"Life in the wide world goes on much as it has these past age, full of its own comings and goings, scarcely aware of the existence of hobbits..."So said Gandalf right before the great race to Mount Doom, right before he discovered the treachery of Saruman and the dire state his enemies had wrought. Similarly, we stand on the edge of a great precipice, made plain by the events of the past year, rumored at and hinted for years before that.> Perhaps Leo XIII saw truly; perhaps the many, many Marian apparitions of the past century have warned accurately; perhaps we stand on the edge of unimaginable times. If we do, then a return to a certain historical institution is in order.
Our current Holy Father took the name Benedict XVI, bringing back memories of an ancient Benedict, one who was a true blessing to the Church and to the world. But for him and the monasteries he founded or inspired, Western Christendom could not have arisen. The immense contributions of the monastic system to human civilization have been mentioned rather less emphatically than they deserve. Like the ancient Benedict, we are confronted with a dramatically corrupt civilization, one that has surrendered to the lures of greed, lust, and a hedonistic materialism that enervates the soul and drags down its adherents in a deathly sloth, ;destroying both Christian and natural virtue. I speak as one who has experienced these temptations--indeed, almost any child of the modern age could say the same.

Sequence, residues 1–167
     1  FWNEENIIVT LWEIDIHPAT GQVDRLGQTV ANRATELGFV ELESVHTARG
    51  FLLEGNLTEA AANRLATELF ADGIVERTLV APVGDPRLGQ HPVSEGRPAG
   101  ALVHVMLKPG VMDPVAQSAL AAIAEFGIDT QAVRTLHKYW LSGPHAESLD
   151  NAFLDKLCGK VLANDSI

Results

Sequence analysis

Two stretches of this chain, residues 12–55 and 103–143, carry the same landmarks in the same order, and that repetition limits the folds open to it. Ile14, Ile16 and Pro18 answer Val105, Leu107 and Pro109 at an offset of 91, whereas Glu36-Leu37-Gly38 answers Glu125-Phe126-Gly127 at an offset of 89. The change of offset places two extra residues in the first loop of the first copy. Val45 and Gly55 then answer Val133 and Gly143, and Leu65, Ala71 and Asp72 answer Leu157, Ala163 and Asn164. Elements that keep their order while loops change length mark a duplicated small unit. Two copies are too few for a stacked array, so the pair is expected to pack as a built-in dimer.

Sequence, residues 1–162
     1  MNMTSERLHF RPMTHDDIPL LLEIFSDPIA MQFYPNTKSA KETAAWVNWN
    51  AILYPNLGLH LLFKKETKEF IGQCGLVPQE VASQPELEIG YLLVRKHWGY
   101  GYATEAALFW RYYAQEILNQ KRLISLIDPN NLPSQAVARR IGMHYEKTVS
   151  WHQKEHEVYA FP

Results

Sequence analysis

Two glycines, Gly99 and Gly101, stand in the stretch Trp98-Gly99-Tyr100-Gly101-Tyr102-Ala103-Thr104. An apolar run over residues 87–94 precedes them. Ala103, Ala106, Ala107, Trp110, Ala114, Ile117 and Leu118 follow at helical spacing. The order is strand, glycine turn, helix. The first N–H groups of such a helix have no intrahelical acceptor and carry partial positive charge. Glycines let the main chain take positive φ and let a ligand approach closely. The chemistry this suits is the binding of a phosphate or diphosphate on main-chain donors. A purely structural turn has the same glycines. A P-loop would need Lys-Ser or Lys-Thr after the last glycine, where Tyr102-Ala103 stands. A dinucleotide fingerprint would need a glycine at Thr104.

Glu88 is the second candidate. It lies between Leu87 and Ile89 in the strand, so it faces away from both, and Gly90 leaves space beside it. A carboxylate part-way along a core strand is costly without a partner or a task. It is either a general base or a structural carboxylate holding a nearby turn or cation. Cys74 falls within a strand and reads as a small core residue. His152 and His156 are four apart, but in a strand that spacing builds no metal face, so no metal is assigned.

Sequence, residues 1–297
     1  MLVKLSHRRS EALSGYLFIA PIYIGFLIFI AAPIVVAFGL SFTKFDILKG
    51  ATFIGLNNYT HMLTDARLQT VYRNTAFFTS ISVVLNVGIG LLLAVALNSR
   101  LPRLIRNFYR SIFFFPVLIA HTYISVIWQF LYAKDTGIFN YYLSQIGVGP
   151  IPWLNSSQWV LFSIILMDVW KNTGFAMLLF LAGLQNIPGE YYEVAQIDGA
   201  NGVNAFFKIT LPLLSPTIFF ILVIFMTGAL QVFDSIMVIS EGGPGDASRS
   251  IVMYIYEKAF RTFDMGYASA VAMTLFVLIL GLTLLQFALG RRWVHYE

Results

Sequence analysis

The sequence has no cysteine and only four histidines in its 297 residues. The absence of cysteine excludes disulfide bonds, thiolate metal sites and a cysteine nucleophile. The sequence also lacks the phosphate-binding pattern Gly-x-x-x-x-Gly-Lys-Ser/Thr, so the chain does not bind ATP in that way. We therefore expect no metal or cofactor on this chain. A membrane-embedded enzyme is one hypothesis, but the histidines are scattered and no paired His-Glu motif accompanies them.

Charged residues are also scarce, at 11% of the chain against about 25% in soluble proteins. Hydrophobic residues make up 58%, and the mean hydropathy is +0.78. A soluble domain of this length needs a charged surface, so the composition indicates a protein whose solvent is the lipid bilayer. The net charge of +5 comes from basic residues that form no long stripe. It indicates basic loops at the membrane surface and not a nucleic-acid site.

Like the ancient Benedict, a person watching current events through the eyes of faith can realize that much of what we see is sin punishing sin--that is, when one breaks natural law, natural consequences ensue. When one breaks the fundamental moral laws of economics in the name of profit, the system will break down. These laws run deeper than an imperative to Christian charity or anything demanding supernatural grace. Laws as basic as "give the customer what they pay for," "do not advertise falsely," and so forth have been broken in a systemic way.
The consequences are likewise systemic. The same applies to the breakdown of marriage and the family, to the human relationship with the environment, to the relationships within the Church. Anyone reading of Catholicism before Vatican II and living it after Vatican II will recognize a deep rift between the depth and luminosity of the Catholic mind then and the massive fog of confusion now. There needs to be a restoration of the monasteries as centers for the preservation of learning, for self-sufficiency through crisis, for stable links to the past preparing for the future and living the Christian vocation in the present.
For the love of God and of truth, for the healing of the present society and preparation for what dreams may come, the Church needs the Benedictines and the like to take up once again the ancient call of being life boats for the world following the Barque of Peter.